Video Games At The Grammys - Why Is There No Dedicated Category?


Posted February 10, 2012 - By Rick Damigella

Video Games At The Grammys -- Two Video Game Songs Get Nominated

If you follow Awards Season, then you know the Grammys are this weekend. Just about a year ago, The Feed featured my thoughts on why video game music deserves a dedicated Grammy Award. In the intervening year, the Grammys have gone through a major overhaul, reducing the total number of categories from 109 down to 78. While this may sound like a bad thing for video game music, it really isn’t. In truth, both original and compilation game soundtrack albums (and individual songs) have been eligible to win a Grammy award, just not in a dedicated category. Be that as it may, if we as game music fans had any say in the nominations or categories, things might be different.

Video game soundtrack albums and original songs created for games are eligible in a minimum of three Grammy categories:

Best Score Soundtrack for Visual Media

Best Compilation Soundtrack for Visual Media

Best Song Written for Visual Media

The first Grammy going to a piece of music from a game, however, came from an entirely different category. Last year, Christopher Tin won the award for Instrumental Arrangement Accompanying Vocalists for his composition, "Baba Yetu." This track was released commercially for the first time within last year’s nomination window, despite dating back to 2005 when it was featured in Civilization IV. This was the first time a piece of music originally created for a video game won a Grammy Award. Incidentally, Christopher Tin is about to release a new album of original electronic music called “God of Love” on February 14th, (excellent timing!) under the name, Stereo Alchemy.

Hypothetically, what would a dedicated Video Game Grammy category look like this year, if such a thing existed? Let’s start with X-Play’s Best of 2011 as a base list. Their nominees for Best Soundtrack were:

Deus Ex: Human Revolution

The Elder Scrolls V: Skyrim

The Legend of Zelda: Skyward Sword

Portal 2

Superbrothers: Sword & Sworcery

Now, let’s be fair and apply the same rules the Grammys use to determine if an album is eligible for nomination. First and foremost, yes, each of these games released a soundtrack album. Deus Ex: Human Revolution received physical and digital releases from Sumthing Else Music. Skyrim composer Jeremy Soule released a mammoth, four-disc set through his own label. The Skyward Sword soundtrack was packed in with the game (THANK YOU, Nintendo!). The smart people at Valve gave their music away for free leading up to Portal 2’s release. And Jim Guthrie’s Sword & Sworcery LP – The Ballad of the Space Babies was released in a glorious 180 gram vinyl edition, which sold out incredibly fast (but is receiving a second printing) along with a Bandcamp digital edition.

The next step is, were these albums released within the eligibility window for Sunday’s awards? That window was from September 1, 2010 to September 30, 2011. Unfortunately, that puts Deus Ex and Skyrim out of the running for a nomination this year, as they were released after the nomination window (but there is definitely next year! Hint, hint!). The same goes for Skyward Sword. The music for Portal 2 began releasing in May of 2011, so it makes it through. Sword & Sworcery released in April, so we have two eligible nominees so far. What to do with the other three slots in our imaginary category?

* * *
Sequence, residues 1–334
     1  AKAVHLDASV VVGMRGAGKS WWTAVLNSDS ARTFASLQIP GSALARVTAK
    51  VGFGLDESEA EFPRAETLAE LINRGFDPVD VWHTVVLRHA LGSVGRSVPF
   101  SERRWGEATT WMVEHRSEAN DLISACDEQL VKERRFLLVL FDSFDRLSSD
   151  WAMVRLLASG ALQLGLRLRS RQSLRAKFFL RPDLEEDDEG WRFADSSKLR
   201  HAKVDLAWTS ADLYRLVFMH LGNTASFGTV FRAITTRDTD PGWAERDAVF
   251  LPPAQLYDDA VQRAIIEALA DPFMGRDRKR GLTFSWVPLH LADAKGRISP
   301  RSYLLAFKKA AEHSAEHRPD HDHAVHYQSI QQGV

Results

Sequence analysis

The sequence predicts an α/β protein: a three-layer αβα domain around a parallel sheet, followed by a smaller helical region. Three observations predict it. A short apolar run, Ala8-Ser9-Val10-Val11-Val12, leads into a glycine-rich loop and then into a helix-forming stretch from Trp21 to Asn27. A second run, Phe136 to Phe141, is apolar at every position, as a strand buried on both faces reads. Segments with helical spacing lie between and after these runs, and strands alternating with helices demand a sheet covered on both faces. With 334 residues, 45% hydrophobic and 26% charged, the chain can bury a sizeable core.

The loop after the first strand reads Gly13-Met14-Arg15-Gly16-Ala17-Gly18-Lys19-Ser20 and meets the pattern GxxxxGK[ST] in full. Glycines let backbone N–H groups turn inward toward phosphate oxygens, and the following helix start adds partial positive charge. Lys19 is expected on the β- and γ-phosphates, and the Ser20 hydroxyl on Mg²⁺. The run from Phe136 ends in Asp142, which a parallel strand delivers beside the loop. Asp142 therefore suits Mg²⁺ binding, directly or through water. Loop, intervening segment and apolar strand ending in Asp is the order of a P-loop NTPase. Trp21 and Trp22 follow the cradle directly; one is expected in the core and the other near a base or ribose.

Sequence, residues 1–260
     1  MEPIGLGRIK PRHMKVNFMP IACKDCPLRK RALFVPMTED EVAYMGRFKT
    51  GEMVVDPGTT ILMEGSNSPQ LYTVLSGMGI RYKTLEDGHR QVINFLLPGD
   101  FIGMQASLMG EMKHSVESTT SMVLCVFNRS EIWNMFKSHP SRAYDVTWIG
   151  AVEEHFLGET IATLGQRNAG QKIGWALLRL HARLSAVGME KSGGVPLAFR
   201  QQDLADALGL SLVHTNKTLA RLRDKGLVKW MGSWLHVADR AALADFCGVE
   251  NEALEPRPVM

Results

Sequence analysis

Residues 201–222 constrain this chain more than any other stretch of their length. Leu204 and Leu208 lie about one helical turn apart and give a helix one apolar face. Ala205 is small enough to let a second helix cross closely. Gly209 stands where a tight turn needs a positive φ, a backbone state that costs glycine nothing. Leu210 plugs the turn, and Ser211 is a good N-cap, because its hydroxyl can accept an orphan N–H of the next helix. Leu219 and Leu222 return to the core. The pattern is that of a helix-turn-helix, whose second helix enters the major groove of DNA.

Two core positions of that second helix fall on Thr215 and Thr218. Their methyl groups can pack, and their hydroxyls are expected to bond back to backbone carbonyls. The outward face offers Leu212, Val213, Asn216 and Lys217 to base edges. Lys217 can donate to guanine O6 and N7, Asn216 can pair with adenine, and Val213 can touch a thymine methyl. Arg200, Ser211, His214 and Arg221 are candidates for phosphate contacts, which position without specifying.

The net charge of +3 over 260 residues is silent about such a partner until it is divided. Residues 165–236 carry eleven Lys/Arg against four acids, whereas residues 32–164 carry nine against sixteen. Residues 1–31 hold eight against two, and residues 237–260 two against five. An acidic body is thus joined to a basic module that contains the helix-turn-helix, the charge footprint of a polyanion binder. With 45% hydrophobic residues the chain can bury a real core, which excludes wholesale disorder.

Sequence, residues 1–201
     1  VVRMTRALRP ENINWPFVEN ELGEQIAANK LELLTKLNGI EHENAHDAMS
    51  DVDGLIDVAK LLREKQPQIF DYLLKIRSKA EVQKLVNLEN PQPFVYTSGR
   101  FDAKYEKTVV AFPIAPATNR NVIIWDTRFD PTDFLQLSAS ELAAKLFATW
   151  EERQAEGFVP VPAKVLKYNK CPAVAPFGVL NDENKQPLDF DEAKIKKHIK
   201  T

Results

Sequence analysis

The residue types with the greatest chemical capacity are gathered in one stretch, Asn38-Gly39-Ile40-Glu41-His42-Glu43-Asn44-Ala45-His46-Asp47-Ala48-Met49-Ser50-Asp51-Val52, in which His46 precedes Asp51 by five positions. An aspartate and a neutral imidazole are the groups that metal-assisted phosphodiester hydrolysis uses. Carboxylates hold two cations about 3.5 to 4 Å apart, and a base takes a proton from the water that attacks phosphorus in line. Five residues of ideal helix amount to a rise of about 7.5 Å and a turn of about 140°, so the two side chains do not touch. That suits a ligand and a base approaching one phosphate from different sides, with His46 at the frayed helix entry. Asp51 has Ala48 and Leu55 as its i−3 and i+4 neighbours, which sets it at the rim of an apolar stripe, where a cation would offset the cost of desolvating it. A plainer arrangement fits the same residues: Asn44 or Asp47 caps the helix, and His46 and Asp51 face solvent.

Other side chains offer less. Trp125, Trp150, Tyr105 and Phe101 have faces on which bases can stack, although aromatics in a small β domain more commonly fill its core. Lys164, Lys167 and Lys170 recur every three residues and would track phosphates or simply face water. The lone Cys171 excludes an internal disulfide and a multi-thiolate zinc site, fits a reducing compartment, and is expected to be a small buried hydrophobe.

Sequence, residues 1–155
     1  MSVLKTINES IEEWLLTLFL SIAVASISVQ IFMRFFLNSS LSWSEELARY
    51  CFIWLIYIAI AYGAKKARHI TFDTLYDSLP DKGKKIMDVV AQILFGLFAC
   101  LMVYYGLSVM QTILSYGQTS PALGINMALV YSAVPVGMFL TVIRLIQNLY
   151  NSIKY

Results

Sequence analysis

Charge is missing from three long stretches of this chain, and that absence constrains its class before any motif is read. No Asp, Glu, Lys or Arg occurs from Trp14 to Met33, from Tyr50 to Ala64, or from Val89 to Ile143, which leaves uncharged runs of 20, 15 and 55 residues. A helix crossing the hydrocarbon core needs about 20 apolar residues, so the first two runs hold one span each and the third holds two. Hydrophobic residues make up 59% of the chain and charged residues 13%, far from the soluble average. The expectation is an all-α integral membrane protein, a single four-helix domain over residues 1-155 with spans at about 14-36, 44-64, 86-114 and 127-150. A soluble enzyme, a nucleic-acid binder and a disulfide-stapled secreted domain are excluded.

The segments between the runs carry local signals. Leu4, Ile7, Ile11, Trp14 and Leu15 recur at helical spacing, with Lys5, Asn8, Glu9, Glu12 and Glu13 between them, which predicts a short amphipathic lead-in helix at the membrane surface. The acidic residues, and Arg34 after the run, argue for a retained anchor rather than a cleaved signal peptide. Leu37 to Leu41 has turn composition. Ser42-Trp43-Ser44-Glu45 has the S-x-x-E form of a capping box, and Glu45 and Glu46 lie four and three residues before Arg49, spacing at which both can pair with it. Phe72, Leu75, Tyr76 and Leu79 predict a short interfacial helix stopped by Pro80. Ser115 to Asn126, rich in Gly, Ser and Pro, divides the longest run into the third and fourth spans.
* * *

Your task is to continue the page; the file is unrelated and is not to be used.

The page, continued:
Let’s start by consulting some true experts in the field of video game music, the Game Audio Network Guild, who just this week announced their own list of nominees for the G.A.N.G. Awards. Their picks for Best Soundtrack Album are:

Batman: Arkham City

Dead Space 2

Halo: Combat Evolved Anniversary

Star Wars: The Old Republic

The Elder Scrolls V: Skyrim

Uncharted 3: Drake’s Deception

Using the same set of rules as we did for the X-Play nominees, you eliminate all the albums (based on their release dates) except for Jason Graves’ chilling soundtrack to Dead Space 2, which is truly worthy of consideration.

Next, let’s look to the indie games world for other potential nominees, starting with Minecraft. The music for this unique building game, composed by artist C418, received both a digital and physical release within the nomination window, as did Danny Baranowsky’s wonderful music for Super Meat Boy.

The AAA games world gave us a trio of potential nominees. Russell Shaw’s music for Fable III is eligible and definitely a worthy consideration. Next is Halo: Reach, Martin O’Donnell, and Michael Salvatori’s coda for the Halo Verse. Then there is Assassin’s Creed: Brotherhood, which ranks up there as some of Jesper Kyd’s finest work in the AC franchise. Had there been a soundtrack release for James Bond 007: Blood Stone, it would most definitely have deserved consideration, as Richard Jacques knows how to craft Bondian themes.

And, whoops, well, that would make eight nominees wouldn’t it? Ok, you know what, there are often more than five nominees in some categories and since this is pretend anyway, let’s consider all eight of these amazing releases for this exercise, shall we?

Now, here is where we can have some fun. You get to decide which album would win, if this Grammy category existed. Pretend you are a member of the academy and vote now for “Best Video Game Soundtrack Album” with a comment below!

Note: There is a pixel of hope that an album more that is more than tangentially related to games could take home the Grammy for Best Score Soundtrack for Visual Media on Sunday, as Daft Punk’s incredible score to Tron Legacy is among the nominees.

If video game music takes up more room on your iPod than any other genre, you might be so inclined to follow Rick Damigella's Twitter Feed.

Video Games At The Grammys - Why Is There No Dedicated Category?


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